At dusk in a southern region of Senegal, West Africa, three men don winter coats, rubber boots and pull on canvas sweatshirt with attached veil and put on rubber gloves tying strips of old fabric around the cuffs to secure the openings to make sure none of the tiny, but deadly creatures we plan to rob invade the makeshift suit.
We are going to collect honey in mangrove forest just beside the small village of Sangako at night from African bees. Also known as killer bees. The three men have been doing this for years, their wisdom precedes their age and they understand the risk they take for the liquid gold they hope to find.
Isn’t that a mouthful?! And is what I’ve been doing for the last 3 months specifically for Grenada. I’ve been gathering for most of the year, finding little gems (like actual island specific plant books-which are very hard to come by on the island due to all the libraries being closed after hurricane Ivan due… Continue reading Making of a region specific bee fodder plant list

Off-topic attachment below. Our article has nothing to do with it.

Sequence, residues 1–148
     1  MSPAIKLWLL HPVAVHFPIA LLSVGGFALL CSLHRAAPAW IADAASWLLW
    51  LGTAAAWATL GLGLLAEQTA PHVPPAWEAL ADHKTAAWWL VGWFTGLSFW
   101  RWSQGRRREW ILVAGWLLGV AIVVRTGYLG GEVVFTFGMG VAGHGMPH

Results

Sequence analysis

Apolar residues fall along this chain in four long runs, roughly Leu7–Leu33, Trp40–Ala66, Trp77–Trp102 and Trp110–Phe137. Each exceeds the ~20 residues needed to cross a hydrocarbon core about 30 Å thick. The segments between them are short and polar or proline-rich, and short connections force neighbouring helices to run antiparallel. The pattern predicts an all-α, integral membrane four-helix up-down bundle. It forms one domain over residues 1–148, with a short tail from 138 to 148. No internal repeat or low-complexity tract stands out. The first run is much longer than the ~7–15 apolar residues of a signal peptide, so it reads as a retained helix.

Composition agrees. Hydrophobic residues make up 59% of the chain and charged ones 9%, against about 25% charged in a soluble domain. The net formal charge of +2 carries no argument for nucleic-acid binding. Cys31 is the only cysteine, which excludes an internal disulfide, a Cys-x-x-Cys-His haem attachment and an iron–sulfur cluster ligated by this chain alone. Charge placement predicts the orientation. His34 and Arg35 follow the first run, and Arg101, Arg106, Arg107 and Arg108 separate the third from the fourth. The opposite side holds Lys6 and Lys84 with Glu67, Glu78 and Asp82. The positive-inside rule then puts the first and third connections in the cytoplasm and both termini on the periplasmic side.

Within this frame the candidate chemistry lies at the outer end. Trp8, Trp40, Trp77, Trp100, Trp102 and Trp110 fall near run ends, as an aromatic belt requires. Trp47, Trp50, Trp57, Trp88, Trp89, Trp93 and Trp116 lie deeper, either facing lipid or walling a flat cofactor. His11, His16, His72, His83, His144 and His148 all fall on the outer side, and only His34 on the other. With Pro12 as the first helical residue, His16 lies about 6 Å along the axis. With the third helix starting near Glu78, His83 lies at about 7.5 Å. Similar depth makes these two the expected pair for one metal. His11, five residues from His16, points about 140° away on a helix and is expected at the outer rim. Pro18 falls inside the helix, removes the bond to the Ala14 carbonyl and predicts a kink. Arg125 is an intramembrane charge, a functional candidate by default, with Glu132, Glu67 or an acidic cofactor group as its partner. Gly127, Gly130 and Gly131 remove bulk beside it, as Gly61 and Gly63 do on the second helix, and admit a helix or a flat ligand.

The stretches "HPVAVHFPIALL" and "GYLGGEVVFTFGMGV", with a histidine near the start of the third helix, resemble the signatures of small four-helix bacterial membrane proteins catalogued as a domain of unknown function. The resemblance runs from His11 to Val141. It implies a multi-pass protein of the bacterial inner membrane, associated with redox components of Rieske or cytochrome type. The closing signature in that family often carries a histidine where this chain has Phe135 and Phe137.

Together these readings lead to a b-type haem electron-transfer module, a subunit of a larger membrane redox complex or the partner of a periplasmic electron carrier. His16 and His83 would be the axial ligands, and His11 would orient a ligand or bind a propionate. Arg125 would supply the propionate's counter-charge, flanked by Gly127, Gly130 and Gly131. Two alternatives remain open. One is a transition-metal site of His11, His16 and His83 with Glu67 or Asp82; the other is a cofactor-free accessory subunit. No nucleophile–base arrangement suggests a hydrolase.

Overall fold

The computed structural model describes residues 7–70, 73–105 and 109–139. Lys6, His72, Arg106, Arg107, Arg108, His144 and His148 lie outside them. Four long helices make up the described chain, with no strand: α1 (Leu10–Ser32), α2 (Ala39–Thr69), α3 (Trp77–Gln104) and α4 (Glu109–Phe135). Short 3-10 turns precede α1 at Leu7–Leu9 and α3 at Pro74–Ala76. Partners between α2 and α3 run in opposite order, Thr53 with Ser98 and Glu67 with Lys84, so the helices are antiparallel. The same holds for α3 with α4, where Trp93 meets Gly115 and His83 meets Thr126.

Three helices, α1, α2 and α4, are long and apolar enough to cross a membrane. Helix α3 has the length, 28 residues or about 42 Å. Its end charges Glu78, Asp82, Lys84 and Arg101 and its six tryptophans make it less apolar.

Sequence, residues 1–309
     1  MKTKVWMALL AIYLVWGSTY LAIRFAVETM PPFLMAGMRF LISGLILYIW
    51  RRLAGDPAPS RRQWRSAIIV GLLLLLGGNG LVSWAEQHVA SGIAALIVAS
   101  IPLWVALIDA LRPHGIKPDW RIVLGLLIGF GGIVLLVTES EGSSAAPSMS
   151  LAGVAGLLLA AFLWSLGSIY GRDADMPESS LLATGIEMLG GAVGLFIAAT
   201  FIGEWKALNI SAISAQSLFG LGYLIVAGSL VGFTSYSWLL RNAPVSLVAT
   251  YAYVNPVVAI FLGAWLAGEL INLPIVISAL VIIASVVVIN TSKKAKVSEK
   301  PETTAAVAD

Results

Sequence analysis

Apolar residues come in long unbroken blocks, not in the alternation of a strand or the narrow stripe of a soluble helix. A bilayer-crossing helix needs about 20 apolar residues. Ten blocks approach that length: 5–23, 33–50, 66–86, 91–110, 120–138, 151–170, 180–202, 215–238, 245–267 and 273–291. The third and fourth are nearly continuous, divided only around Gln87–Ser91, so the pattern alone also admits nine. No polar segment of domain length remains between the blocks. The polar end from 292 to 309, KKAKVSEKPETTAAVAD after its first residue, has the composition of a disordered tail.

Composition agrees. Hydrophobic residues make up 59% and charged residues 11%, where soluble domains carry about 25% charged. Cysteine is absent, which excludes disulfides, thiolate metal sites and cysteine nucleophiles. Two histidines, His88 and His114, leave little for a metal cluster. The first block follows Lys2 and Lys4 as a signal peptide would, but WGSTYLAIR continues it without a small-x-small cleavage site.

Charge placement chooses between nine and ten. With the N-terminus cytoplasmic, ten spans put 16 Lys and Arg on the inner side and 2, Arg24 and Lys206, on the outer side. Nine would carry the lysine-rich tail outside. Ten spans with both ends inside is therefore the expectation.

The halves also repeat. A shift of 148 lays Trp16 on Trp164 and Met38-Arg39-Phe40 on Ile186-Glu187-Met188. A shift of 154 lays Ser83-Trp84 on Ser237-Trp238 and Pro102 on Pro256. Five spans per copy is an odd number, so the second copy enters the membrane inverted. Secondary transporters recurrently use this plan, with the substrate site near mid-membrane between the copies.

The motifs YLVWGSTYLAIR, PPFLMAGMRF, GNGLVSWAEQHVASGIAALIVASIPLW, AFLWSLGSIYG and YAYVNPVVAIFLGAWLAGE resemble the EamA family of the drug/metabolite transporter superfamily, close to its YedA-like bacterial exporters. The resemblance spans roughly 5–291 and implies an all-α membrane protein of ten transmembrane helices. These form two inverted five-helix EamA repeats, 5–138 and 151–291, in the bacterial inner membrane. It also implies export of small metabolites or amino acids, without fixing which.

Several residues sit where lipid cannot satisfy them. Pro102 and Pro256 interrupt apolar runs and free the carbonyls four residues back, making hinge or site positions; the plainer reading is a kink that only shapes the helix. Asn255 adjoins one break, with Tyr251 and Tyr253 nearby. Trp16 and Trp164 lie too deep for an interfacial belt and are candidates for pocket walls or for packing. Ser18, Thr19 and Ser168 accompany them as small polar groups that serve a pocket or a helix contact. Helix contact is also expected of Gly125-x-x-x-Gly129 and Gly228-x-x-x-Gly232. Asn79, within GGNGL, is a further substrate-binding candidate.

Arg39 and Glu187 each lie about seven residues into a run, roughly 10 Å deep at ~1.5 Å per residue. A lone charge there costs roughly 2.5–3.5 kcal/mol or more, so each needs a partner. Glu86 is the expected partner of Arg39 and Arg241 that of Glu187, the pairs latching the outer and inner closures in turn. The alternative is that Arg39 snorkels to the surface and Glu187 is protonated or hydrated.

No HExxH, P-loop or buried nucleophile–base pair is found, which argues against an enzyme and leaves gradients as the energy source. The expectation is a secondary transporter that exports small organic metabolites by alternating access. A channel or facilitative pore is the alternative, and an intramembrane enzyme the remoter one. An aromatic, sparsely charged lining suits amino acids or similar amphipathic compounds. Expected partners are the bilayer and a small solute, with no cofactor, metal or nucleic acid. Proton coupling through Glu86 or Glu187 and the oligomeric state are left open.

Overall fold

Working anyplace new is intimidating, interesting, integrating and always makes for good story. Grenada is no different. The island life is a good one, relaxed, always close to a beach and a drink of choice. That is unless you have work to do. Beach and drinks aren’t much of a distraction, ‘liming’ or hanging out… Continue reading Grenada: Work & Life on the island
Monthly reports are part of most Response volunteer’s life. Luckily I do not have to do the Peace Corps reporting that is now computerized matrix to input numbers based on objectives. Lots of monitoring and reporting. It’s great to understand whats going on, but it’s really difficult to understand what is really happening on… Continue reading Grenada: Six Month Work Review